The realm of web development is teeming with choices, each technology vying for developers’ attention. On one hand, powerful libraries like React have revolutionised how we build web applications. On the other, there are Web Components—although not as “foundational” as one might think, given that they’ve been universally supported by browsers only since 2020. Yet, they are increasingly important in the modern web ecosystem.
With its massive ecosystem and community, React often becomes the yardstick against which other technologies are measured. This is especially true for Web Components. However, this comparative framework is unfair and fosters misleading criticisms stemming from overreliance on libraries like React. This post aims to disentangle these misplaced critiques and highlight why Web Components deserve to be evaluated on their own merits.
Web Components: A Newer Entrant with an Old Soul
The “Verbose API” Misconception
One frequent criticism of Web Components is their verbose API compared to React’s more streamlined approach. It’s essential to understand that this verbosity is not an arbitrary design choice; it serves a purpose. Web Components are designed to be low-level and unopinionated, giving developers more control. The API’s explicitness facilitates a clearer separation of concerns and enables more modular and maintainable code.
Shadow DOM: Misunderstood, Not Flawed
Shadow DOM is another feature that draws criticism for being “overly complex” or “difficult to work with.” The reality is that Shadow DOM offers robust encapsulation for behaviour and style right out of the box. This isolation level is not natively achievable in React without relying on external libraries or specific CSS methodologies.
It’s not that Shadow DOM is inherently complicated; many developers lack familiarity with it. This unfamiliarity leads to discomfort and, ultimately, misplaced criticism.
Performance: The Apples-to-Oranges Fallacy
Comparing the performance of Web Components and React is akin to comparing a truck’s fuel efficiency to a sedan—they’re designed for different use cases. React’s Virtual DOM solves specific DOM manipulation problems, offering its own performance advantages and trade-offs. Web Components, being “close to the metal,” provide a different set of performance characteristics, which can be fine-tuned to a greater extent.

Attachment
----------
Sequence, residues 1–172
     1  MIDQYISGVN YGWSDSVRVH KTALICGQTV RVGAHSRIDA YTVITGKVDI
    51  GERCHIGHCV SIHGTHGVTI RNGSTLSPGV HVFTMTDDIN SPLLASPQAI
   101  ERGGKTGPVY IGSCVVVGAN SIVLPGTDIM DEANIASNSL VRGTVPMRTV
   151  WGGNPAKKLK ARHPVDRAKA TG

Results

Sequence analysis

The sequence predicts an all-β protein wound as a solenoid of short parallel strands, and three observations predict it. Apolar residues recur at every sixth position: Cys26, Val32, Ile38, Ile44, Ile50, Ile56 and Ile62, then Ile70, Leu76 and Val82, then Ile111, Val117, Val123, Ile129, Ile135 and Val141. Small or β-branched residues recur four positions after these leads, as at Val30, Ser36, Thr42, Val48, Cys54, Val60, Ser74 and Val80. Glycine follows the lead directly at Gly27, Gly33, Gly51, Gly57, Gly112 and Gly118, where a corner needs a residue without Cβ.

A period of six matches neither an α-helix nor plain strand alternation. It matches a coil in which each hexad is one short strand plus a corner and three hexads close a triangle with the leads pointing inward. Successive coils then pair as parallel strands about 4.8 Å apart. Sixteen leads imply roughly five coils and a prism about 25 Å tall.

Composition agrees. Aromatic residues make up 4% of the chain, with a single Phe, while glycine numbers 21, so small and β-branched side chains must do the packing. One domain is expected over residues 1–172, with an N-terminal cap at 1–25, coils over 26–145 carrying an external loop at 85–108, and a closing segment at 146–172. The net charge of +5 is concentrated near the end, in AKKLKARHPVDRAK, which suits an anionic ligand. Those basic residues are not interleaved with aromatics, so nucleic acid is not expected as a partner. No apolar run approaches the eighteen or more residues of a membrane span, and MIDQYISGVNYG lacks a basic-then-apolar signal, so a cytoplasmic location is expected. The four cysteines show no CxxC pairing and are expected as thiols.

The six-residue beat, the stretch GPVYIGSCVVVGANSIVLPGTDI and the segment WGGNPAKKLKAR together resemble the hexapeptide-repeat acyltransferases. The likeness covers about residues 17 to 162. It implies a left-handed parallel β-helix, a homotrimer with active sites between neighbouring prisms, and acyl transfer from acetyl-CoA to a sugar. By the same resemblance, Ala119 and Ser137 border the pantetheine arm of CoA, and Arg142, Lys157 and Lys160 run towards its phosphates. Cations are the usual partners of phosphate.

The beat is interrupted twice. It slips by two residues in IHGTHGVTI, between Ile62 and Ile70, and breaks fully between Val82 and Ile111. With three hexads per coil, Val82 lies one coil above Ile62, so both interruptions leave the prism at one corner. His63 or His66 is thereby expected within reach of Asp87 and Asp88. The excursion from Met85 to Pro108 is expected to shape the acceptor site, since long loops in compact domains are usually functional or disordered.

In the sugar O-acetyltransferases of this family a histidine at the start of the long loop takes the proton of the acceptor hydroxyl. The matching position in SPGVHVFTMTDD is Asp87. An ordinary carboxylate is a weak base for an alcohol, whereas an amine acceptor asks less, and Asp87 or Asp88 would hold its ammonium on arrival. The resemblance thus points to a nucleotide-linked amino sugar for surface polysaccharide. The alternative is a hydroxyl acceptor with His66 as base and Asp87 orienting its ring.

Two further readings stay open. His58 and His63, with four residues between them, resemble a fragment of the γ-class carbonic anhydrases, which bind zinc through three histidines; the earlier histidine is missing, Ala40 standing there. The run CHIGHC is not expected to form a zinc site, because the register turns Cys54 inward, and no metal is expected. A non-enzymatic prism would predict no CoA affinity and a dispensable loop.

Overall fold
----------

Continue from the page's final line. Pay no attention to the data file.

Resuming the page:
The Perils of Overreliance on Libraries
Much criticism against Web Components arises from an overreliance on libraries like React. This dependency can atrophy a developer’s understanding of web fundamentals, leading to unfair judgments when encountering different paradigms like Web Components. It’s not that React or Web Components are universally superior; they serve different needs and should be chosen based on the problems at hand.
We have seen the same thing happen with arguments against classes. When React famously introduced React Hooks, it was interpreted by the community as classes are bad and shouldn’t be used. React introduced Hooks because of design flaws in React itself, not because classes are bad.
Conclusion: The Value of Technological Pluralism
React, on the other hand, has a different ethos. It’s not just that it offers a higher level of abstraction; it’s that this abstraction often veers into the territory of being “anti-platform.” While powerful, it creates its own ecosystem that often operates like a silo within the broader web landscape. It’s telling that React doesn’t even offer native support for Web Components. The library is so wrapped up in its own world that it doesn’t fully embrace what the platform offers.
So, what’s the takeaway here? Simple: Don’t get so caught up in the React echo chamber—or any library’s echo chamber, for that matter—that you lose sight of the web platform itself. The platform is more than just a stage on which libraries and frameworks perform; it’s a robust, feature-rich environment that we can—and should—engage with directly.
Next time you instinctively reach for React or any other library, pause for a moment. Consider whether you’re making that choice because it’s the best fit for your project or because it’s simply what you’re accustomed to. Technologies like Web Components aren’t just alternatives to React; they’re reminders of what the web platform is capable of.
The criticisms often levied against Web Components usually reflect less on the technology and more on our conditioned behaviours and limited perspectives. It’s time to break free from the gravitational pull of familiar libraries and take a fresh look at what the web platform can offer. That’s not just being a skilled developer; that’s being a thoughtful one.